Much of the current scholarship on wartime violence, including studies of the combatants themselves, assumes that women are victims and men are perpetrators. However, there is an increasing awareness that women in armed groups may be active fighters who function as more than just cooks, cleaners, and sexual slaves. In this article, the author focuses on the involvement of female fighters in a form of violence that is commonly thought to be perpetrated only by men: the wartime rape of noncombatants.
July 1, 2013
By Matthew Bunn, Professor of Practice; Co-Principal Investigator, Project on Managing the Atom
Despite substantial progress in improving nuclear security in recent years, there is more to be done. The threats of nuclear theft and terrorism remain very real. This paper recommends learning from the much stronger national and international efforts in nuclear safety, and in particular taking steps to build international understanding of the threat; establish effective performance objectives; assure performance; train and certify needed personnel; build security culture and exchange best practices; reduce the number of sites that need to be protected; and strengthen the international framework and continue the dialogue once leaders are no longer meeting regularly at the summit level.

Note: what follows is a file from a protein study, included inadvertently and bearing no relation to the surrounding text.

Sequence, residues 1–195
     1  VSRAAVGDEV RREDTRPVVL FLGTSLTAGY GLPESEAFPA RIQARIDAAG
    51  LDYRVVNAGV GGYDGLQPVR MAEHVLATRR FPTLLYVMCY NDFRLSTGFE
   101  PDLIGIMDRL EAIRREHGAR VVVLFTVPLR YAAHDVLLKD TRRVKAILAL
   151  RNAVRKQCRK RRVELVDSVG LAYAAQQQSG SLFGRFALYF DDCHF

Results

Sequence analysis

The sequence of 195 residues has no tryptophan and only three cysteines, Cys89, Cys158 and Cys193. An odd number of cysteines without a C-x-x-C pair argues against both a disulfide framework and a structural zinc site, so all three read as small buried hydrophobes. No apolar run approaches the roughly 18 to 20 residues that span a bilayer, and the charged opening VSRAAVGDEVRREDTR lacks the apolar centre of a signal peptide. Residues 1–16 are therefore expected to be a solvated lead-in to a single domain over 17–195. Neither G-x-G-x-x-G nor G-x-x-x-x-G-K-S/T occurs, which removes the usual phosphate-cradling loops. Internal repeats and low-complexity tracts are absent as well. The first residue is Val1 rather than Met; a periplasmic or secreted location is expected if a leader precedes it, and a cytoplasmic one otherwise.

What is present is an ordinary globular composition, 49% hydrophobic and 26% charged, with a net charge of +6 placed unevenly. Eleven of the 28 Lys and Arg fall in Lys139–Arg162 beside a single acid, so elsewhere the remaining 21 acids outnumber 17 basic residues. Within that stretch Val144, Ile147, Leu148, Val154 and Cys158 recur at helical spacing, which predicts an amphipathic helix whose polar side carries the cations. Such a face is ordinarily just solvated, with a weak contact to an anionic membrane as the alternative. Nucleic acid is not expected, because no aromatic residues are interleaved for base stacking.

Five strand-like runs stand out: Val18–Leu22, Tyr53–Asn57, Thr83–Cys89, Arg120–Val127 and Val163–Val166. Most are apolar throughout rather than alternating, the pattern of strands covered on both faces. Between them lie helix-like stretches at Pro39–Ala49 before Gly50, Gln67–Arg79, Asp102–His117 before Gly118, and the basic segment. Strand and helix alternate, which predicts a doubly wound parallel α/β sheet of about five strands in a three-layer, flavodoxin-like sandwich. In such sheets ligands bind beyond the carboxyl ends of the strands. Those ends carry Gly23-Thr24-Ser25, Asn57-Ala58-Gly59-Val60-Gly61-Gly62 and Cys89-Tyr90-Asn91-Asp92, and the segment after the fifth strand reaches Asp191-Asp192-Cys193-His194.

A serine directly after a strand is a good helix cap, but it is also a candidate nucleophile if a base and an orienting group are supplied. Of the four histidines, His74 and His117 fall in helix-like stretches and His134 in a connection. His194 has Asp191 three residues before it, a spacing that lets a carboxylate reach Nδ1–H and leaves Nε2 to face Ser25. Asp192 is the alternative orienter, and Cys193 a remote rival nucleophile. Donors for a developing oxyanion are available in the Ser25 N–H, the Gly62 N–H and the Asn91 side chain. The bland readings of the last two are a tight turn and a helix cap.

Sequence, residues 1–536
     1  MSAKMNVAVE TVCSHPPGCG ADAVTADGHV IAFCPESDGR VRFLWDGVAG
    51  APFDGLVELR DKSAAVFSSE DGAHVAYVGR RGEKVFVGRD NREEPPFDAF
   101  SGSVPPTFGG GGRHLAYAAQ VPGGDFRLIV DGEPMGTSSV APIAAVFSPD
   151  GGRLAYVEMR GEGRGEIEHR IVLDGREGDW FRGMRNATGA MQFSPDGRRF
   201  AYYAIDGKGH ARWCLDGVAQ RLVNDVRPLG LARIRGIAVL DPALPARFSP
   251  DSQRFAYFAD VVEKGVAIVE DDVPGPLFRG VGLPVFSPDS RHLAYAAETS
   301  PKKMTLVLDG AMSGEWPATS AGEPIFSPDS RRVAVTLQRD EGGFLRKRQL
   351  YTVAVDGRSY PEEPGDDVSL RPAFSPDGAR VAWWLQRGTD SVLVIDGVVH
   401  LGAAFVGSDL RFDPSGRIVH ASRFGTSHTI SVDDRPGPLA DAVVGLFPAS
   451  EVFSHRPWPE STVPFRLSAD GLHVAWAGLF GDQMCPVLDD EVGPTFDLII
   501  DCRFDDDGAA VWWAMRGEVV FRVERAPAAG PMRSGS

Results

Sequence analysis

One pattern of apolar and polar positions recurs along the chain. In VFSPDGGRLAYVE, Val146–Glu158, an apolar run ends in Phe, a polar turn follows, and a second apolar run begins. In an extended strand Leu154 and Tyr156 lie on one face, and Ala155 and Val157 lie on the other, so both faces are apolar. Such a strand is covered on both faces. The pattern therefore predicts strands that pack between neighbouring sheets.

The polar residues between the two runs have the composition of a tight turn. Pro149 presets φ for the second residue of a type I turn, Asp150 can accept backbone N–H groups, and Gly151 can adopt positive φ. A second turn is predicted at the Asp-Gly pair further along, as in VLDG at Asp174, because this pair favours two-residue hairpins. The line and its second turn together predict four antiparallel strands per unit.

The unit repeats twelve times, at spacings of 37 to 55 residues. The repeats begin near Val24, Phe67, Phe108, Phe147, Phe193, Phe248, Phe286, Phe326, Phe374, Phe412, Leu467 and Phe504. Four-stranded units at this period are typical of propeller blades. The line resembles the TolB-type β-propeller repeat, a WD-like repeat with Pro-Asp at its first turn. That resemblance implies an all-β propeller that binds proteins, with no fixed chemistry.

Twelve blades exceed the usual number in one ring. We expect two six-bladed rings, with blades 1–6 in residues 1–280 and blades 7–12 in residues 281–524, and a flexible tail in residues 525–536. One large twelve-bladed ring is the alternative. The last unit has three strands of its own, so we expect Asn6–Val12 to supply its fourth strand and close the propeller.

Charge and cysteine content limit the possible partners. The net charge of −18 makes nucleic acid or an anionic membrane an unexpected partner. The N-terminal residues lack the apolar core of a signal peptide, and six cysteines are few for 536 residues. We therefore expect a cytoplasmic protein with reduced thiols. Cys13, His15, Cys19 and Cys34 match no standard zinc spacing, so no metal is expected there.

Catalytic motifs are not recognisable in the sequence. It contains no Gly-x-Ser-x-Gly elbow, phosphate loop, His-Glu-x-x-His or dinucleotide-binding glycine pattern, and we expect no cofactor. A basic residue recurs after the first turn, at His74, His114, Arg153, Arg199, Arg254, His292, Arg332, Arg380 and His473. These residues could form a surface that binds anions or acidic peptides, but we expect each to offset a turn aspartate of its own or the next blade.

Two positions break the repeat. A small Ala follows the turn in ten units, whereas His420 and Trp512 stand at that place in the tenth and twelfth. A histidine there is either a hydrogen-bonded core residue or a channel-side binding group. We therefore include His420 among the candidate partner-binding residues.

International Security, issue 4, volume 37
Gareth Evans and Ramesh Thakur respond to Robert A. Pape's summer 2012 International Security article, "When Duty Calls: A Pragmatic Standard of Humanitarian Intervention."
International Security, issue 4, volume 37
Many experts argue that climate change will exacerbate the severity and number of extreme weather events. Such climate-related hazards will be important security concerns and sources of vulnerability in the future regardless of whether they contribute to conflict.
Wartime rape is neither ubiquitous nor inevitable. The level of sexual violence differs significantly across countries, conflicts, and particularly armed groups. Some armed groups can and do prohibit sexual violence. Such variation suggests that policy interventions should also be focused on armed groups, and that commanders in effective control of their troops are legally liable for patterns of sexual violence they fail or refuse to prevent.